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Syracuse University’s Annual Ray Smith Symposium to focus on research into iconic books
Syracuse University’s Annual Ray Smith Symposium to focus on research into iconic booksOctober 08, 2007Kelly Homan Rodoskikahoman@syr.edu
Syracuse University’s College of Arts and Sciences is aiming to reinvigorate research into iconic books during the annual Ray Smith Symposium, to be held Oct. 18-20 on the SU campus.
The symposium is free and open to the public, but registration is required. For registration information, as well as a complete schedule of presentations, visit http://iconicbooks.syr.edu.
Jim Watts, professor of religion and principal organizer of the symposium, says that books and other texts are often used as powerful symbols and ritual objects in religion, politics and in other aspects of culture. Scholarship in the humanities has largely ignored these uses of the texts and instead focused on the verbal signs contained within.
“The iconic use of books, though, profoundly affects how they are read and how they are used and depicted without being read in religious and political ceremonies, art works and mass media,” Watts says.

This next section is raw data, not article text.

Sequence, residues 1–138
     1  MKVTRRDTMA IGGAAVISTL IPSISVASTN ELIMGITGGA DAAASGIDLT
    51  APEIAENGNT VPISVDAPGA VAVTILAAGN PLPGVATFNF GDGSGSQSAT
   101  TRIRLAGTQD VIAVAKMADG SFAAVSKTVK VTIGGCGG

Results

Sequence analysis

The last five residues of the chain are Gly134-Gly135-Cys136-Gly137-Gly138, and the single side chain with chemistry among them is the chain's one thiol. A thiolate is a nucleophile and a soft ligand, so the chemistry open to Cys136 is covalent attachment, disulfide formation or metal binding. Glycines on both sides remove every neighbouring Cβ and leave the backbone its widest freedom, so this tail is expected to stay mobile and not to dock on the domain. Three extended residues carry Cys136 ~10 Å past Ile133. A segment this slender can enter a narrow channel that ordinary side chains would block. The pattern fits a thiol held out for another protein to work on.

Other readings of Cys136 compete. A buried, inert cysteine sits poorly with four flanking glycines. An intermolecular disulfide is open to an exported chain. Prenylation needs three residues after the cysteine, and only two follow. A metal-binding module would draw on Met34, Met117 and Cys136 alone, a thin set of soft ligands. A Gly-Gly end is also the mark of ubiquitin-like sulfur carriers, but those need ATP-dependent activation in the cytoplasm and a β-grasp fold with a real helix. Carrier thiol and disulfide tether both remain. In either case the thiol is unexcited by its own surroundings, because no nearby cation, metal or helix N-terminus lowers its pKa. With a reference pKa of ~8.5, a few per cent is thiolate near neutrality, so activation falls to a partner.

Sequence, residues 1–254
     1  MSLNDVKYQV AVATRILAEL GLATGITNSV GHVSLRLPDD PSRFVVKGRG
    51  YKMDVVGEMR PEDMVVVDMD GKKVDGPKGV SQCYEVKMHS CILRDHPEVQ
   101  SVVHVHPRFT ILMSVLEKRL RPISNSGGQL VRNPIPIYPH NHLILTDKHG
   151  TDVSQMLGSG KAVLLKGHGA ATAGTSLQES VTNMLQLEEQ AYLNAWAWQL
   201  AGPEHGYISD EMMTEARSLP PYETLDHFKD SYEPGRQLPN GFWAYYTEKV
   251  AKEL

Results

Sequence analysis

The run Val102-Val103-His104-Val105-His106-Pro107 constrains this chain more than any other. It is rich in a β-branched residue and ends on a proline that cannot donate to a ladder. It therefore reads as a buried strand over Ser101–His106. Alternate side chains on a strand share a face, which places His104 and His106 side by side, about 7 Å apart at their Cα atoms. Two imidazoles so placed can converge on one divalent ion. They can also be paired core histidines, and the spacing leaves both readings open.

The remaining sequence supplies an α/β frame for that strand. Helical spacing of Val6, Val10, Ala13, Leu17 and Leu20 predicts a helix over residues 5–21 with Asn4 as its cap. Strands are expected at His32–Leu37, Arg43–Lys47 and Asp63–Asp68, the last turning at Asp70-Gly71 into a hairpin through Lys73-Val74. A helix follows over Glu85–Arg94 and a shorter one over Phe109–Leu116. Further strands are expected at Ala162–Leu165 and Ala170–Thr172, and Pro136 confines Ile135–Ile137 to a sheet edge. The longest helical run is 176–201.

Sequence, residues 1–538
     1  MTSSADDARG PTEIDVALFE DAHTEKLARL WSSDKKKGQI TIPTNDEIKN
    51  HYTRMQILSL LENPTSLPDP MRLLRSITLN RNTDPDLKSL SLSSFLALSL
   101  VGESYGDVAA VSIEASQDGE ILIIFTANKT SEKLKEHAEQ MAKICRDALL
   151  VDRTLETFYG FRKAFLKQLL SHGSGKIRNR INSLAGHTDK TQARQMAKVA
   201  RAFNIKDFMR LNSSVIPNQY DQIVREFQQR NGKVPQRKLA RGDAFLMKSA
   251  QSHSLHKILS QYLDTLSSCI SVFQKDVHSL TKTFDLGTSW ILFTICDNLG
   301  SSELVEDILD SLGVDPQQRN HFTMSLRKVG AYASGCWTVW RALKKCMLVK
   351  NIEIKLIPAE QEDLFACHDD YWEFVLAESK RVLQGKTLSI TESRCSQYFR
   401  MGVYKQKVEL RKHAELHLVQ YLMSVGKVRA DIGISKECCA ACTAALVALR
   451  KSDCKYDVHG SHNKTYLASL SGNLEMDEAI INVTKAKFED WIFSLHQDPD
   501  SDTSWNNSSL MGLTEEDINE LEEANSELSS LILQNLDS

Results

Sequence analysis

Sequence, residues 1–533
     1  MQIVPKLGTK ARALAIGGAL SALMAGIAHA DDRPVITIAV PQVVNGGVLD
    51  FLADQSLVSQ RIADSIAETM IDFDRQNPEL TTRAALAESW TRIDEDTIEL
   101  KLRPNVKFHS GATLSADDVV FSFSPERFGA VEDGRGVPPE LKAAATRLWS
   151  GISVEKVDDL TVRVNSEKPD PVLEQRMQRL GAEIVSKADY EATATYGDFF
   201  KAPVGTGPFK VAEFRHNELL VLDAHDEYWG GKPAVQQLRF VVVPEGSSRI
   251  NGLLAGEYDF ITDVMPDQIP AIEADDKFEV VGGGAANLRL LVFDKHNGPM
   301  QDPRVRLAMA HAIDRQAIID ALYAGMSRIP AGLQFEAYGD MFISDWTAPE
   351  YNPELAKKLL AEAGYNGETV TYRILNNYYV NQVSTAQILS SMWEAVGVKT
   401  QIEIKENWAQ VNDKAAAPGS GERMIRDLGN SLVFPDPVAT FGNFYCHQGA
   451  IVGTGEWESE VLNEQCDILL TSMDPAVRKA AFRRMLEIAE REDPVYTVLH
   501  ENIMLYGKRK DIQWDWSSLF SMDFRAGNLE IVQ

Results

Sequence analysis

Symposium session topics are “Iconic Books in Ancient Judaism and Other Traditions”; “The Contentious Nature of Books Among Indigenous Religions”; “Iconic Books in African American Practice”; “and American Iconic Bibles in Cross-cultural Perspectives,” among others. Religious and literary scholars from around the country are scheduled to attend.
Keynote addresses will be delivered by Michelle Brown of the University of London and British Library (Thursday at 7 p.m.) and Vincent Wimbush of the Institute for Signifying Scriptures (Friday at 5 p.m.). A complete schedule of sessions can be found at the website listed above.
Watts has directed the Iconic Books Project at SU since 2001. Watts and colleague Dorina Miller Parmenter, a doctoral student in religion, have conducted research to catalog, analyze and describe the symbolic or “iconic” uses of books and other texts. They have assembled a database, located at http://iconicbooks.syr.edu, of nearly 2,000 images and accompanying documentation. Watts also maintains a blog, http://iconicbooks.blogspot.com, that chronicles events and activities related to iconic books.
The symposium is sponsored by the Department of Religion, the Judaic Studies Program, the Department of English and the Department of Fine Arts, all within The College of Arts and Sciences.
For more information on the symposium, contact SU’s Department of Religion at (315) 443-3862 or e-mail firstname.lastname@example.org.